China’s VPN Usage Nearly Doubles Amid Internet Censorship

WASHINGTON — Last year, VPN usage in China nearly doubled, according to data from IT education news outlet Techopedia, this despite the country’s strict regime of internet controls of everything from overseas websites to online games.

China’s “Great Firewall” is one of the world’s most comprehensive internet censorship regimes, preventing citizens from accessing websites like Instagram, Wikipedia and YouTube, as well most major news organizations including VOA.

VPNs are outlawed in China because they allow users to jump the “Great Firewall” and securely connect to the internet outside the country while blocking their IP address.

Rob Binns, a journalist with Techopedia, said China’s increasingly strict censorship policies may explain the rise in VPN usage there.

“Looking at VPN usage versus what it’s combating, which is online censorship, we are seeing online censorship in a range of countries, particularly China, becoming more strategic and more surgical,” Binns told VOA in an interview. 

In 2021, Chinese regulators limited teenagers’ access to video games to three hours per week — from 8 to 9 p.m. on Fridays, Saturdays and Sundays — before unveiling more severe restrictions last December which set spending limits on video game platforms and banned incentives for daily logins.

Binns said these regulations on minors may particularly motivate Chinese usage of VPNs.

“With that younger demographic, which is traditionally, extremely, highly tech-literate demographic, they’re always going to be looking for ways to kind of circumvent that top-down pressure from governments and find ways to get around that,” Binns said. “And if that means turning to VPNs to circumvent that, then that’s certainly what we’re seeing.”

Analysts say VPNs empower Chinese internet users to discuss major political issues on the internet without facing governmental blowback.

“Circumvention tools like VPNs can enable people in China to access the global internet, including spaces where they can express themselves freely without fear of censorship,” Kian Vesteinsson, a senior research analyst for technology and democracy at the nonprofit Freedom House, which advocates for political freedom, told VOA in an emailed response. “During unprecedented nationwide protests in late 2022, many Chinese people used VPNs to sidestep the Great Firewall and share their views on otherwise-inaccessible social media platforms.”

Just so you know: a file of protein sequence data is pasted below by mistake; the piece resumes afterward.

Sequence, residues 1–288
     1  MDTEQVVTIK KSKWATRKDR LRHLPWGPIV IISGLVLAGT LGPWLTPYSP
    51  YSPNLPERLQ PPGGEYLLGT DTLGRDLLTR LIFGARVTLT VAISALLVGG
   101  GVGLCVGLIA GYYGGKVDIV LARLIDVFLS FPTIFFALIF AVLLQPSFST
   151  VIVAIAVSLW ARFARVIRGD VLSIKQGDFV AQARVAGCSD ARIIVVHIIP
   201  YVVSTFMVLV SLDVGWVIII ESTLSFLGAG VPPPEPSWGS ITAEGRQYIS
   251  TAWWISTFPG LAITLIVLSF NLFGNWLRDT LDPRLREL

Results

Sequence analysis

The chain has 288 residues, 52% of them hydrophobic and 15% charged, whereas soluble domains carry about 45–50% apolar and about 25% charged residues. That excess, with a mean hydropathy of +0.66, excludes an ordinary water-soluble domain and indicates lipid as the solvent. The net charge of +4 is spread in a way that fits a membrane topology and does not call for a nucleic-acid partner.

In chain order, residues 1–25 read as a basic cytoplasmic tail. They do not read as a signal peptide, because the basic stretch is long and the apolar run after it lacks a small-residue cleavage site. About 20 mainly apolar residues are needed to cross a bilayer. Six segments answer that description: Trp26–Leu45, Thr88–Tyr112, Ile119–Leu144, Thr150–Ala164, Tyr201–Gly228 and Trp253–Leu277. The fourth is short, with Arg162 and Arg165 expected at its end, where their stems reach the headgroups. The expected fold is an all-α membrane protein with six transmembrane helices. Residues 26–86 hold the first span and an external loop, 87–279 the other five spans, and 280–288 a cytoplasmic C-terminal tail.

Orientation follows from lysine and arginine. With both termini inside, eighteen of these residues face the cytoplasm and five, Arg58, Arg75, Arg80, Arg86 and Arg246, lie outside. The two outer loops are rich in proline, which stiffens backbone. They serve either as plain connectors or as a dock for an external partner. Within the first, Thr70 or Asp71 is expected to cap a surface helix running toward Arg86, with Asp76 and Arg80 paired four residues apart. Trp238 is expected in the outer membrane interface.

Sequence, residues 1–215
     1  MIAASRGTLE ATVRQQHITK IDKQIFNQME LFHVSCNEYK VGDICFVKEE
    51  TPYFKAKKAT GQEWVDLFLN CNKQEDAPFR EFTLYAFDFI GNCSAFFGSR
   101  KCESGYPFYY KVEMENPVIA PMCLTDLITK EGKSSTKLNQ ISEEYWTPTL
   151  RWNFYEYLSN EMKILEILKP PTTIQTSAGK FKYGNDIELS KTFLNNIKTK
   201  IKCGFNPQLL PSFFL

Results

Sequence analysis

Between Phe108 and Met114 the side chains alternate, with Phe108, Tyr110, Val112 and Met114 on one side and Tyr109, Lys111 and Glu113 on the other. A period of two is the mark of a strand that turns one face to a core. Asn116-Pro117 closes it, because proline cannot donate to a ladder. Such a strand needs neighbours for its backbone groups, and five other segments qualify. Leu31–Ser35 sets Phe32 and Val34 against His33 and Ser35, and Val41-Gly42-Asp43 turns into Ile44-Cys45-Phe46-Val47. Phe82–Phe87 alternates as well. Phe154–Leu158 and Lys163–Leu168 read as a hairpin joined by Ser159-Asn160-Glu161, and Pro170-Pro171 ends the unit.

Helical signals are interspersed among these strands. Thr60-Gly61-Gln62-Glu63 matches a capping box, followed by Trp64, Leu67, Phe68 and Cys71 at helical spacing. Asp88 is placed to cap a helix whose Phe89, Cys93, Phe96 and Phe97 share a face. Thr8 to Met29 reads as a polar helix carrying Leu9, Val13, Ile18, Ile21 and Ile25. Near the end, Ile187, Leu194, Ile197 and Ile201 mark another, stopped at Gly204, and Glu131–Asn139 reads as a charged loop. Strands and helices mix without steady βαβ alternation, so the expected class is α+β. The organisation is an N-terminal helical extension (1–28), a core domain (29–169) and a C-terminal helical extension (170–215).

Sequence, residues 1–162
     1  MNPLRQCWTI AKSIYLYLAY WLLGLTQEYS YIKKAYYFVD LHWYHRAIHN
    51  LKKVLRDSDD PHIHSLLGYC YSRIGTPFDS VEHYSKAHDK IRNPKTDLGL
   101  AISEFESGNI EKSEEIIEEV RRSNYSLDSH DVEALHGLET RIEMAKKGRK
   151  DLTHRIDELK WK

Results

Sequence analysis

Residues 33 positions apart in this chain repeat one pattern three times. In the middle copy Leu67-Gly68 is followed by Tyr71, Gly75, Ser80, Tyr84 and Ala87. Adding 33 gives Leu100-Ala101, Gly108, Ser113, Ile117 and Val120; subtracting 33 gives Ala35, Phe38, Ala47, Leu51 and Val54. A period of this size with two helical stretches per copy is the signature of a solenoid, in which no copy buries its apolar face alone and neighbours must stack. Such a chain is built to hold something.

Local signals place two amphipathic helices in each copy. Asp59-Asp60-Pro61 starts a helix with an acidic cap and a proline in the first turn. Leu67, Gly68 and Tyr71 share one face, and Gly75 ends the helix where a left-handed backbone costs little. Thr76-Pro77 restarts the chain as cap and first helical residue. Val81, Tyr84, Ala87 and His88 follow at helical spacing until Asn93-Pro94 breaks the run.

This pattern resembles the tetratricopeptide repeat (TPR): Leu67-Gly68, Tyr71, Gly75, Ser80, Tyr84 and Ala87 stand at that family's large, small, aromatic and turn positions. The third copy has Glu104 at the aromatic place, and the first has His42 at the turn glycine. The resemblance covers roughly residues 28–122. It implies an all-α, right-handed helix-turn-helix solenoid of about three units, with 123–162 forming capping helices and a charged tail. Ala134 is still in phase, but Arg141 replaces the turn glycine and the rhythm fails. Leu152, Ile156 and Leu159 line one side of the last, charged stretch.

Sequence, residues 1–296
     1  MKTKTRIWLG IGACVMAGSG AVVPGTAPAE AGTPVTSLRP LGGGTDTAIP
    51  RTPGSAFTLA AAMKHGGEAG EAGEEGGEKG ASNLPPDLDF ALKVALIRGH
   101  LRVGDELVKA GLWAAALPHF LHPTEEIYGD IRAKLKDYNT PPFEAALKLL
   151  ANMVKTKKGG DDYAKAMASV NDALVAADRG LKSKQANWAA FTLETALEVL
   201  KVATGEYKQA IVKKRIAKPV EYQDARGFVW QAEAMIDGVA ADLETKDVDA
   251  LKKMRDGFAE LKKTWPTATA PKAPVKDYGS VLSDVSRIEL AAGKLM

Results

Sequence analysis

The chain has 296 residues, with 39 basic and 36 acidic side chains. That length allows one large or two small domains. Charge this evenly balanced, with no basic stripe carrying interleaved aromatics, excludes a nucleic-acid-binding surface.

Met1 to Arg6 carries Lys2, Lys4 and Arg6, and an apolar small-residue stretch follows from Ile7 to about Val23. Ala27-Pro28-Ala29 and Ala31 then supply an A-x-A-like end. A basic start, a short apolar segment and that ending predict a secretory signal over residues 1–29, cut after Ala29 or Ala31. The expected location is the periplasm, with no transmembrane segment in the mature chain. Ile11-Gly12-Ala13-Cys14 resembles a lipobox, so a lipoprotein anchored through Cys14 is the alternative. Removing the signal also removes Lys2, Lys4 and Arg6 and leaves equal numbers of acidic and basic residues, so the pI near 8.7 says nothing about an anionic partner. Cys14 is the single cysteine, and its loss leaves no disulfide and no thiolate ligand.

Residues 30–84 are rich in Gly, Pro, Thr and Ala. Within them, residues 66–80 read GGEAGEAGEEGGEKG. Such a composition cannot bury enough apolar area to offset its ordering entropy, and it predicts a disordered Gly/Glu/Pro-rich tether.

Vesteinsson said access to a free, open internet potentially threatens the ruling Chinese Communist Party — hence the government’s crackdowns on internet usage.

“Circumvention technology helped produce one of the most open challenges to CCP rule in decades,” Vesteinsson told VOA. “CCP authorities responded to the 2022 protests in part by scrubbing references to VPNs from the Chinese internet.”

“People face severe consequences for using prohibited VPNs, particularly if they belong to a marginalized ethnic or religious minority or try to access content censored by the authorities,” Vesteinsson added. “The government even removes discussion of VPNs from China-based social media platforms, preventing people from learning about circumvention technology.”

Analysts expect further crackdowns could lead either to additional upticks in VPN usage or a reluctance to use VPNs, depending on how China chooses to further enhance its censorship regime.

“The exact nature of the crackdown, as well as accompanying measures are what decides which effects it is likely to have,” Antonia Hmaidi, a senior analyst at the Berlin-based think tank Mercator Institute for China Studies, told VOA in an email. “China has been so successful in managing its internet partly through making the Great Firewall work not only with fear, but also friction and flooding.”

Hmaidi adds that instead of cracking down, China could also slow the speed of all connections outside the country, which would make it more inconvenient to use VPNs, and maintain an approved list of fast connections for companies.

write a comment: